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Pharmacies should be allowed to set aside time solely for vaccination delivery, pharmacy negotiator says

The Pharmaceutical Services Negotiating Committee is in discussions around ways to mitigate pharmacy workload and staffing pressures during the second wave of the COVID-19 pandemic.

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The Royal Pharmaceutical Society has made this feature article free to access in order to help healthcare professionals stay informed about an issue of national importance.

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Vaccine being administered


A spokesperson for the Pharmaceutical Services Negotiating Committee has confirmed that, under new NHS regulations, there is an allowance for pharmacies to provide a relevant immunisation service for a specified period within core or supplementary hours

Pharmacy teams should be able to spend part of the day focusing entirely on vaccination delivery during the second wave of the COVID-19 pandemic, the Pharmaceutical Services Negotiating Committee (PSNC) has said.

The call is one of several “action points” that the negotiator has been discussing with NHS England and the government, which are aimed at addressing workload and staffing pressures during the second wave of the pandemic.

A spokesperson for the PSNC told The Pharmaceutical Journal that under new NHS pharmacy regulations, there is an allowance for pharmacies to provide a relevant immunisation service for a specified period within core or supplementary hours — during which period no other NHS pharmacy services would need to be provided.

But the spokesperson added that for this to happen, a national announcement from NHS England and NHS Improvement would be needed — and so the PSNC is calling for this announcement to be made.

The dedicated period for vaccinations could apply to both flu and coronavirus vaccinations. As of 25 November 2020, 1,976,304 flu vaccinations had been delivered in community pharmacy settings in England; already more than the 1,718,147 given in the whole of the 2019–2020 season. The position of community pharmacies in coronavirus vaccinations is yet to be finalised.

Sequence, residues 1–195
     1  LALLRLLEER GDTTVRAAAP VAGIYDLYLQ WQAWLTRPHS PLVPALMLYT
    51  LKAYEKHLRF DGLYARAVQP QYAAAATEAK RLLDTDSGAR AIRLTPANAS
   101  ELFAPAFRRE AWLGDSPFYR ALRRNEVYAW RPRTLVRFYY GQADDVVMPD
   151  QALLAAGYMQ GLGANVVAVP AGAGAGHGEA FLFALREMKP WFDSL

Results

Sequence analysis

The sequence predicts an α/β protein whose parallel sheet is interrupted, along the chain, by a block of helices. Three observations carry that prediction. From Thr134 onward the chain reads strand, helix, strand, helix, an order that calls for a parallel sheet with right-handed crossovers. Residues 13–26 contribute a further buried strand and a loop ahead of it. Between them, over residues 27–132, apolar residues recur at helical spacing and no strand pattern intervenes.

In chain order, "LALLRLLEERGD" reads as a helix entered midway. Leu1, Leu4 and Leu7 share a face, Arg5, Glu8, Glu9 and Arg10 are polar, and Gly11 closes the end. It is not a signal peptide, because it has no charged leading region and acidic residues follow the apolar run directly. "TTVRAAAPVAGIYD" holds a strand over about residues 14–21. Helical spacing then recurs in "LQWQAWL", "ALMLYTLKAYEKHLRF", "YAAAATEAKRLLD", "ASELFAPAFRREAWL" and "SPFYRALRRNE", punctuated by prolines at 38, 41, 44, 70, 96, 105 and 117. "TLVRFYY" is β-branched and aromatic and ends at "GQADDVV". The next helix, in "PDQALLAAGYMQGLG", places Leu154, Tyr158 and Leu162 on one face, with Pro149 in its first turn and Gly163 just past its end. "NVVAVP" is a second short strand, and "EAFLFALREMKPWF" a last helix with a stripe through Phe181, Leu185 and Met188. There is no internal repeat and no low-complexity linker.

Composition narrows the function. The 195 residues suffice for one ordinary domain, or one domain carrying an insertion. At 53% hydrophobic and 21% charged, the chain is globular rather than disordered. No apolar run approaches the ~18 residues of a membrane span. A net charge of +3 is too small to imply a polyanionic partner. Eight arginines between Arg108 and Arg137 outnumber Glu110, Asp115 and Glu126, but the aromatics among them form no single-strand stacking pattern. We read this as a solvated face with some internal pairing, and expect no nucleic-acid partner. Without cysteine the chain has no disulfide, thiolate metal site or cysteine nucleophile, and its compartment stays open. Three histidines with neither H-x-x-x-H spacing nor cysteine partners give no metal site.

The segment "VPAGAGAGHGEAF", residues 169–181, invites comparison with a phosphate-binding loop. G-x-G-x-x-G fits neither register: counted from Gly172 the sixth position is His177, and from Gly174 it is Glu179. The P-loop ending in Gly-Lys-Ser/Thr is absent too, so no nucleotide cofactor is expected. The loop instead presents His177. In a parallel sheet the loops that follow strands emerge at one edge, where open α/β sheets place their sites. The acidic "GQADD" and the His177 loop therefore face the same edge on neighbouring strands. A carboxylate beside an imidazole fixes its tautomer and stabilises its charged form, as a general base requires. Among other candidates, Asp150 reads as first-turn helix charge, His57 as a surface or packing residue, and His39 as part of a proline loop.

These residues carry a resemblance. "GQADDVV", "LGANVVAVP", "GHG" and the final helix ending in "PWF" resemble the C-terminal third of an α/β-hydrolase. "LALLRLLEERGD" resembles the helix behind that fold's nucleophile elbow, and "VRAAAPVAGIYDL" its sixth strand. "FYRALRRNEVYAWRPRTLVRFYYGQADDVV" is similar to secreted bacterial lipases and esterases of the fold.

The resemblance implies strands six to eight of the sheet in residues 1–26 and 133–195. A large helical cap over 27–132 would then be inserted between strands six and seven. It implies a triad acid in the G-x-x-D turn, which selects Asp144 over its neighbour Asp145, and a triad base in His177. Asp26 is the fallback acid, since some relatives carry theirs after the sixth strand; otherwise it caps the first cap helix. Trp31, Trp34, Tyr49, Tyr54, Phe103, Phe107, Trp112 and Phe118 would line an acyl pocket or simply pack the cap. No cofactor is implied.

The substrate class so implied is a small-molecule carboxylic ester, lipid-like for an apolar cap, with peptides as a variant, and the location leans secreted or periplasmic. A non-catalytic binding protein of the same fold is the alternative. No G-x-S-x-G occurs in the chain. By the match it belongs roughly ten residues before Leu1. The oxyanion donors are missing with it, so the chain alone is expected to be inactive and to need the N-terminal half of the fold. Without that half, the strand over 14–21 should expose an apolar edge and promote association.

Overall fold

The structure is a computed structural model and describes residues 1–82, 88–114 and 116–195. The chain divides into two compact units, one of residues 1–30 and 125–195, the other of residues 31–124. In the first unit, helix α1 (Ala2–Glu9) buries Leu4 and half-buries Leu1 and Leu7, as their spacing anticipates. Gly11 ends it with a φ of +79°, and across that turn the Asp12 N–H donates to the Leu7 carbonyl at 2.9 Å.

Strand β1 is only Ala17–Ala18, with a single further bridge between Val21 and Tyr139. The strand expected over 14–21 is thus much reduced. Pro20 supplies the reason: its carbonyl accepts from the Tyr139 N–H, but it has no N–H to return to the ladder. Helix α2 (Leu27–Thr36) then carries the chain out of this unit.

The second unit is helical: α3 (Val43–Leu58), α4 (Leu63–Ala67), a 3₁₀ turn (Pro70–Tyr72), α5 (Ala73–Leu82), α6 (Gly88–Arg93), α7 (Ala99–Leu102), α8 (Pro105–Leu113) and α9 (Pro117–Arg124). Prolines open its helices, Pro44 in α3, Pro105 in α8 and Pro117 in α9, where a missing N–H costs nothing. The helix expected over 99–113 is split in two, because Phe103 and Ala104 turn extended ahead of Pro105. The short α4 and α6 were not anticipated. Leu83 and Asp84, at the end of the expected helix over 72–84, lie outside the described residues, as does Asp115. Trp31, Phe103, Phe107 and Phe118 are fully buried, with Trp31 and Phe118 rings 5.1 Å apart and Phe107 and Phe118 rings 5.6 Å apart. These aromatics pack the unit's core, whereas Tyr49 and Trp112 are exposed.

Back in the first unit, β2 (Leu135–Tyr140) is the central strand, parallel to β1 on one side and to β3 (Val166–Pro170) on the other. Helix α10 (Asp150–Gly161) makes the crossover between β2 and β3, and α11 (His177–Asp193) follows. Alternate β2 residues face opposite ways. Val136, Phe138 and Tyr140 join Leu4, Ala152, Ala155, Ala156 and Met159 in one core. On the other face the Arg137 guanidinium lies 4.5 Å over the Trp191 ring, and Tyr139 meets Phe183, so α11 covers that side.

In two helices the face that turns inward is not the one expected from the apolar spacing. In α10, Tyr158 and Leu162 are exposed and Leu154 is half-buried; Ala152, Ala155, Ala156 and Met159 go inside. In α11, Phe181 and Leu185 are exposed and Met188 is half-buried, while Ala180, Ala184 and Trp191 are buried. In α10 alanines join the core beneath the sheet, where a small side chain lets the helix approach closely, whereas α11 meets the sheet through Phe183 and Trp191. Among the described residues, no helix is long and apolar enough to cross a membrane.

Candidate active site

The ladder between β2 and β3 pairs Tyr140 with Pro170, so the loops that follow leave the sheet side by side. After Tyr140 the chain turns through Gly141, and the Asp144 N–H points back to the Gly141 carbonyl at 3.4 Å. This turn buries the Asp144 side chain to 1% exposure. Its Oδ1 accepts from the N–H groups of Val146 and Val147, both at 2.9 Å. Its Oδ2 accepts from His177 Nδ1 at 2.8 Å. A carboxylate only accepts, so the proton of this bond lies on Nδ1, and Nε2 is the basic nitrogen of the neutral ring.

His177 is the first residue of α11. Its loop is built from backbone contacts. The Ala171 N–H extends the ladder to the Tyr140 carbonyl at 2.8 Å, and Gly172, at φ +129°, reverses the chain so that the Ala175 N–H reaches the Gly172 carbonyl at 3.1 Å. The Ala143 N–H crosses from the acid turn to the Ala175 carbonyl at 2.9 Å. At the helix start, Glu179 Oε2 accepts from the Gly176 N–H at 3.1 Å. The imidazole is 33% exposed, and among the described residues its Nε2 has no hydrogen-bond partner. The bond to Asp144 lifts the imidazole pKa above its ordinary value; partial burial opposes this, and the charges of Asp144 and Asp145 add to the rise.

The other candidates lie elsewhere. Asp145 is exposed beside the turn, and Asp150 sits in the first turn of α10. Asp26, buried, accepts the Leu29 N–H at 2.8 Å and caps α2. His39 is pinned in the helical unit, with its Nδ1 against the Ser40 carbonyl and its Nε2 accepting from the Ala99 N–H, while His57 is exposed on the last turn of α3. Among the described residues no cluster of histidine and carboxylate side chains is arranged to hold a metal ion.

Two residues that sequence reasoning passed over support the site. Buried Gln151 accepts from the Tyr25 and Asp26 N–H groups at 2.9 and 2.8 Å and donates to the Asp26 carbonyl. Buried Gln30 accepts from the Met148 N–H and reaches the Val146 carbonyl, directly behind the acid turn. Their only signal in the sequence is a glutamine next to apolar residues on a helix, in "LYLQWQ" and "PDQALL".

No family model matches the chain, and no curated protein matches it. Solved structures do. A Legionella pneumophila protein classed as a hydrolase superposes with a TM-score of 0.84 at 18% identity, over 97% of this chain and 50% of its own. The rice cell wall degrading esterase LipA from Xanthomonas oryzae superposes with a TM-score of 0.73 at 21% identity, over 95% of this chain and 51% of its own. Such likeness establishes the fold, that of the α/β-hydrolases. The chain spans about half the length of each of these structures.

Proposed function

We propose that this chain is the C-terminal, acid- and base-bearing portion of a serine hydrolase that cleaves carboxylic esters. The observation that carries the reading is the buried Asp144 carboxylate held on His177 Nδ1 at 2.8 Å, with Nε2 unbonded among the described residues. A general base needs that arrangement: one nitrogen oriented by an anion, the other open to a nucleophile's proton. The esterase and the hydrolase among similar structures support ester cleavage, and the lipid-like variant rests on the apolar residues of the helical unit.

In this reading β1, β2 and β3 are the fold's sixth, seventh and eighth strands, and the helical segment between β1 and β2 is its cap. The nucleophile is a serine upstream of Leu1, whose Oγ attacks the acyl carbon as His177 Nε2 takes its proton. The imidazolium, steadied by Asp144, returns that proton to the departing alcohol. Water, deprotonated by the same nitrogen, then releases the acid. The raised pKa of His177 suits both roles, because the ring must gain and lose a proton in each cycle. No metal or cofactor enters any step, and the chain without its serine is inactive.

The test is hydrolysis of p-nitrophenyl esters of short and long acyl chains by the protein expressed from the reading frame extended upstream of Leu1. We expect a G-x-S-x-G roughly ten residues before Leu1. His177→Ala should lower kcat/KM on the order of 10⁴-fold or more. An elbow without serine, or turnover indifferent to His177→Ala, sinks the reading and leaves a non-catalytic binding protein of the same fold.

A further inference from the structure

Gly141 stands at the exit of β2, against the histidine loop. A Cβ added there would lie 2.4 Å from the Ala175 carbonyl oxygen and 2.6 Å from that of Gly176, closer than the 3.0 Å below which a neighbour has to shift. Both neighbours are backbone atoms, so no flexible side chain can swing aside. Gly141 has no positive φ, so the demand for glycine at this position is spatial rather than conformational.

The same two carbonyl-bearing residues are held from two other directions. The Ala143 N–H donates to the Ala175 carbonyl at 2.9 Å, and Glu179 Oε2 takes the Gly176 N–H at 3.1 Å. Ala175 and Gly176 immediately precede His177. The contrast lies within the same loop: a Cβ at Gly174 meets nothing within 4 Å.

The negotiator is also calling for a national announcement that would allow pharmacy teams to work behind closed doors when needed: something that was introduced during the first lockdown, although it was later switched to local management.

Judy Thomas, director of contractor services at Community Pharmacy Wales, said that the national “closed door allowance” was still in place in Wales.

“This allows pharmacies to work behind closed doors for the first hour of each day and an hour at lunchtime. The feedback we have had from contractors is that this is currently sufficient to meet the workload pressures, though of course the vaccinations aren’t delivered in this period.

“All local health boards (LHBs) have also allowed for vaccinations to be carried out outside of contracted hours and off-site — subject to notification to LHBs — which has also helped.”

Thomas added that, as of the end of October 2020, community pharmacy teams in Wales had already delivered 61,748 flu vaccines: close to the total number of 64,094 delivered in community pharmacies in Wales for the whole of 2019–2020. 

In Scotland, the Coronavirus Act 2020 has meant that community pharmacies can be commissioned, at health board level, to provide NHS flu vaccines for the first time.

Adam Osprey, policy and development pharmacist at Community Pharmacy Scotland (CPS), said that CPS “are, and will remain, engaged with Scottish government colleagues on the matter of COVID vaccinations on behalf of our members, and will communicate any agreements or relevant information as soon as they are available.

“As the only healthcare setting still easily accessible to patients and the public across Scotland, the priority for the community pharmacy network is maintaining continuity of service delivery and medicines supply, so any arrangement would have to take this into consideration”.

Citation: The Pharmaceutical Journal DOI: 10.1211/PJ.2020.20208598

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